Muslims Arrival tied to indentured experience

"Coolies" arrived from India at Trinidad Depot

Kamal Hosein

Haji Kamal Hosein, PRO of the Anjuman Sunnat-ul-Jamaat Association (ASJA) said when Muslims first came to TT as indentured servants, they were not allowed to openly practise their faith.

He revealed that one of the first Muslims arriving was Haji Ruknuddeen Sahib, who came on the SS Moy in November 1897.

“He started to preach Islam at secret locations, since the indentured servants were not allowed to use light or have public gatherings. He used to read the Koran by moonlight,” Hosein said.

“The followers would have to run for cover if they were caught and they were often persecuted for their religious beliefs.”

Sahib is credited with doing a lot of groundwork for the religion in this country, and eventually reached the level of Sheik-Ul-Islam (the highest attainment). Along with Sayad Abdul Aziz (born in Afghanistan in 1883) and Haji Yacoob Ali (born in TT in 1875), he formed ASJA in 1933.

Newly arrived (1897) Indians under indentured contracts

Hosein said there have been significant achievements from each of the three major Islamic organisations — ASJA, Trinidad Muslim League (TML) and Tackveeyatul Islamic Association (TIA), and there is a level of unity among them.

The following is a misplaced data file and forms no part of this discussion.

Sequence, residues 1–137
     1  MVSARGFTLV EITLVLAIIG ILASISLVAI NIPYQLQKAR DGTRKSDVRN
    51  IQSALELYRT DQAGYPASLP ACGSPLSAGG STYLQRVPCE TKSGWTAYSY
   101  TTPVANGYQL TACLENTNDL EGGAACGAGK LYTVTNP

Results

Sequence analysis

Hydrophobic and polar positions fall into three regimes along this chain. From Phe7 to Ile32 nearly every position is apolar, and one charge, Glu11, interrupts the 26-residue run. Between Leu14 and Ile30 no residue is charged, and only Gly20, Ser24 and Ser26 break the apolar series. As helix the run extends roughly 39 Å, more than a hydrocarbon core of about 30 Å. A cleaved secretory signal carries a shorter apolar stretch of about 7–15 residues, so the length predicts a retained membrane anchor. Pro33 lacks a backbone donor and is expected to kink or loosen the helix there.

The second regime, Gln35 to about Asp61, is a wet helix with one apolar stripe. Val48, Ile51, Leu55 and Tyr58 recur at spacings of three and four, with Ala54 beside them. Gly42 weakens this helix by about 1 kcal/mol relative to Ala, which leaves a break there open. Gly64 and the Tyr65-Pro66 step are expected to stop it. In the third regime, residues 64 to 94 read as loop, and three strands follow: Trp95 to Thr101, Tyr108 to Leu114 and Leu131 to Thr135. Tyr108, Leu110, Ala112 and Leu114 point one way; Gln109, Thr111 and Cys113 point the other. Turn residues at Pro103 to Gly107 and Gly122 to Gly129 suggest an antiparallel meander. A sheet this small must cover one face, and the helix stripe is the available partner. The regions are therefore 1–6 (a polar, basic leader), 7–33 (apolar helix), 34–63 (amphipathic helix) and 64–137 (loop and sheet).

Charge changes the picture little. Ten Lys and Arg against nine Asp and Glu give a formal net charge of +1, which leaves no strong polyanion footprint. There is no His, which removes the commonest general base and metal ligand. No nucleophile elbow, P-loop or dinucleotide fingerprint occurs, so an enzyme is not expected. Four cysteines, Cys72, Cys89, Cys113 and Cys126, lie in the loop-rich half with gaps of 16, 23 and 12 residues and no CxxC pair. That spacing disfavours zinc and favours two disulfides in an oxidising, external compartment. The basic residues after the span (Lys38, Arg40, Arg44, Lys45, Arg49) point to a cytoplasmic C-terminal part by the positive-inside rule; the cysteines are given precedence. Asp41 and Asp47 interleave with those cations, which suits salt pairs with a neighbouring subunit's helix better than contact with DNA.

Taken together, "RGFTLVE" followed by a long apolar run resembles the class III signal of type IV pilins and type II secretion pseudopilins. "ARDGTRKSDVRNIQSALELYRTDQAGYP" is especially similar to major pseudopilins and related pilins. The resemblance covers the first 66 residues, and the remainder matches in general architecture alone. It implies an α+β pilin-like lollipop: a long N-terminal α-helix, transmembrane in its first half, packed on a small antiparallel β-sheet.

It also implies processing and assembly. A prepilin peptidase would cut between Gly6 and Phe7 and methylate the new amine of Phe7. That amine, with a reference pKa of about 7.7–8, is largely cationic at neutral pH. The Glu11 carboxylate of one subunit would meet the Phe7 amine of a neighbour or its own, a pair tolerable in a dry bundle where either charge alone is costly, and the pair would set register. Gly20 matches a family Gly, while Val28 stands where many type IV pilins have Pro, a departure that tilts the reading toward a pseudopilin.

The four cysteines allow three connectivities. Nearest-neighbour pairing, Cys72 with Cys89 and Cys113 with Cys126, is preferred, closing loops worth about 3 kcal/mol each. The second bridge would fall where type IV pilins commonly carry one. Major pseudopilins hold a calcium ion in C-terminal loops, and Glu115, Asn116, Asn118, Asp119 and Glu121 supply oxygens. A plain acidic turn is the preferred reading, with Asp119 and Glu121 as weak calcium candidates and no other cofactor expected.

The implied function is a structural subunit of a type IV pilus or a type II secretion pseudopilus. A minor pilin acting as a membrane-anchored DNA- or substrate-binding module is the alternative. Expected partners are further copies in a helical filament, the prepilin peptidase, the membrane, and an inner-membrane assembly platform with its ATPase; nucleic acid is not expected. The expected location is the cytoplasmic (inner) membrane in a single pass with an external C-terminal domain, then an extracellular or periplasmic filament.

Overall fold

Muslim leaders have increased their focus on exposing youths to religion since, he said, “it has been proven that when young people are given academic education alongside religious teachings, they have a greater sense of moral awareness and are less likely to be caught up in the ills of society.”

He said it is very worthwhile to celebrate Indian Arrival Day, which should be more recognised as part of the history of the country.

“Though it was first seen to be a Hindu celebration, we Muslims realised we came too and we made a conscious decision to recognise our forefathers who were indentured servants. I believe now we have evolved as a society. We take part in the Hindi celebrations and they take part in ours.”

Hosein said there will be a grand annual celebration at the ASJA complex in Charlieville taking place on Sunday, which is usually attended by thousands of people, and is an all-day event open to the public. There will also be a spiritual celebration on Saturday at the same venue, but only for Imams and members of the executive, where the entire Koran will be read out, along with special prayers for the communities.

“For the public event, we always invite members of the IRO and they attend to bring greetings on behalf of their religion. It is a day for the family, to give thanks and praise God. But I also feel we need to look at the past and maybe adopt some of the old time traditions and customs. Maybe with this, there will be less disintegration of society,” he ended.

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